Weakening Santa Clara County’s sanctuary policy will not make our community safer.
In fact, doing so will actively decrease safety for all of us. Notifying ICE of prisoner’s release dates based on their suspected immigration status brings up serious questions about violations of due process, double punishment and civil rights violations.
If the county Board of Supervisors truly wants our community to be safer, it should focus on increasing mental health, addiction and rehabilitation services for all.
Supervisor Susan Ellenberg, the lone board member to vote to protect sanctuary on April 9, explained in her statement that our sanctuary policy is working. It is disheartening to see elected officials like San Jose Mayor Sam Liccardo caving to pressure to change that policy, echoing racist Trump Administration policies that encourage scapegoating and disappearing people labeled as “undesirable.”
Under the notification rule the board is currently exploring, an undocumented person and a U.S. citizen could commit the exact same crime, and the citizen would serve time and get another chance to live life, while the undocumented person is handed over to ICE—perhaps never to be seen again in the community and by their family.
This is what some people want: for people they see as problematic to simply disappear.
I do not feel safer knowing that my local government and law enforcement wants to aid a government agency that cages children, locks people in hot vans for hours while denying their right to a lawyer, and, as Supervisor Dave Cortese pointed out last month, holds people based on their ethnicity with no due process.
Our current policy prevents local law enforcement from aiding ICE except when they have a judicial warrant. To walk back this progressive, human-centered policy that Santa Clara County fought to establish—even if by just a little—would endanger the people this policy is supposed to protect.
It will also break down the hard-won trust between immigrant communities, local government and law enforcement, once again forcing undocumented and documented people alike into the shadows of the Santa Clara County community.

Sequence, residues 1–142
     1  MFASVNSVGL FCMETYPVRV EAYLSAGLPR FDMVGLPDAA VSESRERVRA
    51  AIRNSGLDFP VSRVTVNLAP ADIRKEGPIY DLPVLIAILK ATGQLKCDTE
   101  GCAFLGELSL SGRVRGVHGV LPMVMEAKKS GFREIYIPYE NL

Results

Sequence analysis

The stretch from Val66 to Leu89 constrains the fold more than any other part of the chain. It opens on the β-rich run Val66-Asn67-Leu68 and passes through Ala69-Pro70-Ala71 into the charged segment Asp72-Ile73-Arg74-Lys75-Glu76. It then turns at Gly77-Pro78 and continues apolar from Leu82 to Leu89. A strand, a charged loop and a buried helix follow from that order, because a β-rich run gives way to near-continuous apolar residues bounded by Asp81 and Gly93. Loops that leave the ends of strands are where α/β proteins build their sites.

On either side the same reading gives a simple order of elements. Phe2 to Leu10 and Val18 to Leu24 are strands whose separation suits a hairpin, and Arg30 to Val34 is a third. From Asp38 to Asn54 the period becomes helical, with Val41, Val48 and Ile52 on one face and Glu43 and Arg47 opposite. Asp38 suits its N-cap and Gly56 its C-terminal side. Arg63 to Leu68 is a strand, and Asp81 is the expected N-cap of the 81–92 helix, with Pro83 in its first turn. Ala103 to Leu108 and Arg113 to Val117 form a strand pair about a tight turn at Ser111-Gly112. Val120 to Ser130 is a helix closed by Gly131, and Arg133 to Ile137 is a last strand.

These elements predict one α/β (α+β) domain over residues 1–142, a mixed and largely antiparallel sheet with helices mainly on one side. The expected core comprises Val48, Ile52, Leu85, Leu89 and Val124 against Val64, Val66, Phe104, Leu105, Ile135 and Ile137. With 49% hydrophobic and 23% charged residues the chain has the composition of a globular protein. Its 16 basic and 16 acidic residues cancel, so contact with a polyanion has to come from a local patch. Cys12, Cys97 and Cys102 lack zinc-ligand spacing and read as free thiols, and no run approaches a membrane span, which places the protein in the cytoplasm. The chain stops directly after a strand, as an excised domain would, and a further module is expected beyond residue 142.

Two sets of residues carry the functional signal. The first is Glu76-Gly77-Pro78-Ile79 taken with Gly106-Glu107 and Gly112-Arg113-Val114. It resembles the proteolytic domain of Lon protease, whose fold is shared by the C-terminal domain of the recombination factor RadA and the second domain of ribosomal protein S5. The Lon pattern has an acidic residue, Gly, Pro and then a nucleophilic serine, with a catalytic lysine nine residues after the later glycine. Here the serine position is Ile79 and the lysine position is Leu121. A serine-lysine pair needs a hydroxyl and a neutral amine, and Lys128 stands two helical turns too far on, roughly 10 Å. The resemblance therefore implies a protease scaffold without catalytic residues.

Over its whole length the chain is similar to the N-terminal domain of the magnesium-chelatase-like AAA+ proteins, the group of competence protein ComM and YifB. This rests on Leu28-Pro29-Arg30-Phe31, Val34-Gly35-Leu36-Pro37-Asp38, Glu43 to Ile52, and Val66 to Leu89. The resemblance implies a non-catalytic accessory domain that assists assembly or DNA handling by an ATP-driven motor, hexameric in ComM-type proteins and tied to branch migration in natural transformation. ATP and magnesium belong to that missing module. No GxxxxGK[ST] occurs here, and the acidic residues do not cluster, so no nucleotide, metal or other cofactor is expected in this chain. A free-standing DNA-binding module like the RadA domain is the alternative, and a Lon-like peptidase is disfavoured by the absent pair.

Parents will be afraid of driving their kids to school, active community members will re-think engaging in community activities and events, and children will have to wonder whether the police officer pulling over their parent for a minor traffic violation will be the link to ICE that tears their family apart.
That’s why San Jose City Council members like Magdalena Carrasco and every area immigrant rights group have spoken out in support of preserving the policy as-is.
Everyone in the community is safer when everyone, including members of immigrant and refugee communities, feels safe communicating with local law enforcement. It is vital that the most vulnerable members in our community can call 911, whether it’s to report a crime, request an ambulance, or come forward to testify as a witness to a crime.
When members of the immigrant and refugee community know that there is an open channel of communication between local law enforcement and ICE, no matter how small or specific, they won’t trust law enforcement.
ICE has shown again and again that it is not an agency that is transparent, safe or fair. It has shown that it is willing and able to perpetrate atrocities akin to what many individuals go to prison for.
The people of Santa Clara County said “no” at the April 9 meeting, and the Board of Supervisors should take heed and keep the sanctuary policy exactly as it is.
Becca Hoskins is a Santa Clara resident and member of SURJ Sacred Heart who trains volunteers for the Rapid Response Network. Opinions are the author’s own and do not necessarily reflect those of San Jose Inside. Send op-ed pitches to [email protected].